Each year, septic tanks are getting more and more advanced. They use less power, are more efficient, and take up a smaller space than ever before. If you have had your septic tanks for more than a decade, or they were there when you moved onto the property, then you might want to start thinking about upgrading. How do you know when your septic tanks have had enough and it is time to make the switch? Here are a few reasons that should provide advanced warning that a change of septic tanks is probably for the best.
Soil Absorption Not Working Correctly
Many septic tanks utilize a soil absorption method of disposal of effluent, but this is not a perfect solution, and it is common to have blockages that take a lot of effort to fix. You can get a build-up of slime and impenetrable gunk that blocks all the pipes and backs up your sewerage all the way back to the septic tank. If you have already had this happen once or twice then the future is bleak, as it will most likely keep happening unless you spend thousands on repairs. Instead of preparing an old, broken system, it can often be easier to just upgrade your septic tanks.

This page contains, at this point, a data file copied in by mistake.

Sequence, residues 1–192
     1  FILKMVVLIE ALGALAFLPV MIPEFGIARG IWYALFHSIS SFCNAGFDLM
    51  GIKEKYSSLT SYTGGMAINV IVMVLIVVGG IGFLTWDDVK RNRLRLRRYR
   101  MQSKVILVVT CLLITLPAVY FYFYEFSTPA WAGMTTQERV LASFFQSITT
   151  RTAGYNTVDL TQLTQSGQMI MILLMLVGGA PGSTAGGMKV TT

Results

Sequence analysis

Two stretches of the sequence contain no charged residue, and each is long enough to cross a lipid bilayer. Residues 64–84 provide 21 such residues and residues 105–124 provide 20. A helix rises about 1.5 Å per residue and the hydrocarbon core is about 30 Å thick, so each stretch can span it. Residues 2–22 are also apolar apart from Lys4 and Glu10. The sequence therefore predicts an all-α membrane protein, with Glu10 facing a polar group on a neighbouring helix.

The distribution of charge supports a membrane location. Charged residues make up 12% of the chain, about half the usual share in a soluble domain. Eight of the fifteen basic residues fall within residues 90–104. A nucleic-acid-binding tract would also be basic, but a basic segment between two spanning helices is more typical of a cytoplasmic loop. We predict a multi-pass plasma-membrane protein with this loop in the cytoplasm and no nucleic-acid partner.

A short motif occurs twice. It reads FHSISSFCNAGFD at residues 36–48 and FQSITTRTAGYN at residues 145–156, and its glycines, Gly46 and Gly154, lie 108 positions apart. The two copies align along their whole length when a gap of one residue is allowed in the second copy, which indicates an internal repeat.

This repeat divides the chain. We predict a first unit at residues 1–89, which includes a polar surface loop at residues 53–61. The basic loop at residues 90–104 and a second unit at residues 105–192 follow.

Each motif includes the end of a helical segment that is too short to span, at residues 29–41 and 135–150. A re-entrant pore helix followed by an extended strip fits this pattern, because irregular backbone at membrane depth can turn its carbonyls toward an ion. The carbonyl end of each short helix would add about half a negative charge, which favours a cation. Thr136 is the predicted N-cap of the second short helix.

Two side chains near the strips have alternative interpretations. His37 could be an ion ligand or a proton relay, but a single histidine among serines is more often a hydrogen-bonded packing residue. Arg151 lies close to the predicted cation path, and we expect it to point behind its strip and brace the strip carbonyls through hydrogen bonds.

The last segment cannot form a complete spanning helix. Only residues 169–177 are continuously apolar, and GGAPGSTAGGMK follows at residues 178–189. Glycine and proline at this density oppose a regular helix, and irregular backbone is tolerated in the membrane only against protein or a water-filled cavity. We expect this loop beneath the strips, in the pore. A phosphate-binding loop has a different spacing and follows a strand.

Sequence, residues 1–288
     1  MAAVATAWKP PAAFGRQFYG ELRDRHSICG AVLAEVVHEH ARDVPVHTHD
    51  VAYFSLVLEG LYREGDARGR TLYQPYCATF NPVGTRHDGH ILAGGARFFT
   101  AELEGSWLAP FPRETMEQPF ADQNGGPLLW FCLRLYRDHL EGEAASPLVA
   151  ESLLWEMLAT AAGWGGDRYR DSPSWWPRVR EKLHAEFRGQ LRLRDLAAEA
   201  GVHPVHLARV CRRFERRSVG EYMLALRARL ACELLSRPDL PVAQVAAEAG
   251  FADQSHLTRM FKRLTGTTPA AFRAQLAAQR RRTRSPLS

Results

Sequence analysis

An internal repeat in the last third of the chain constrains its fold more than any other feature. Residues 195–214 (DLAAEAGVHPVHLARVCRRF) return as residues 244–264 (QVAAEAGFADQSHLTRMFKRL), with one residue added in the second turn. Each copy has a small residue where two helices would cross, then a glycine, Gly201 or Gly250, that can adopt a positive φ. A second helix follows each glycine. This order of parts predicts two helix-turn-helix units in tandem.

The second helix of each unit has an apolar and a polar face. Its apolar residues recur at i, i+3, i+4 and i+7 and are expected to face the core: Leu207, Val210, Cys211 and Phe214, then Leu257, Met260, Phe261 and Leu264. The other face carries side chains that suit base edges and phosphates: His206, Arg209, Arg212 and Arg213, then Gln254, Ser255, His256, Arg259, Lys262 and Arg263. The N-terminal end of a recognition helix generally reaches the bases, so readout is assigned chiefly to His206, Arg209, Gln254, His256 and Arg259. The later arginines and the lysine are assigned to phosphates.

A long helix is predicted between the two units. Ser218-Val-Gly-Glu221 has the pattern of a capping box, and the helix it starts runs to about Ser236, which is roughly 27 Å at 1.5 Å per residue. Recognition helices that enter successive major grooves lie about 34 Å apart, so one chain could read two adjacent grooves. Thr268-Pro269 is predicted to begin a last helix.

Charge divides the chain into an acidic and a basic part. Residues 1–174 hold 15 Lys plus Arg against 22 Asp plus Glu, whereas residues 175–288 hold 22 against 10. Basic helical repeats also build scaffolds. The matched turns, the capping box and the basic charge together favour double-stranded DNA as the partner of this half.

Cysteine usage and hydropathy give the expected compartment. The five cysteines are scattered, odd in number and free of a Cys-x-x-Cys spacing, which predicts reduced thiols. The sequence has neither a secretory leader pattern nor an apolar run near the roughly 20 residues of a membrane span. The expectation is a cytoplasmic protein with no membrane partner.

Pumps Breaking Down
Older systems have a few problems that continuously show their head, and one of the most common was issues with pumps. After all, the pump may be the most worked part of the whole septic tank, and so it makes sense that it would break down the most. Newer pumps are more road-tested and work in tandem with the rest of the system much better, leaving less chance for malfunctions due to load. If you have gone through a few pumps in your time, then it might be a sign to check out some septic services and see if they can suggest a better alternative to your current pattern.
A Bigger Load
Perhaps your family has welcomed a few new members to its ranks over the years. You have to remember that most septic tanks are built to handle a certain amount of people and that if you exceed this number, you need to add on a new system or somehow upgrade the old if that is possible. If not, then you will quickly see your septic tank getting overrun and overworked, leading to an even bigger repair and electricity bill.Share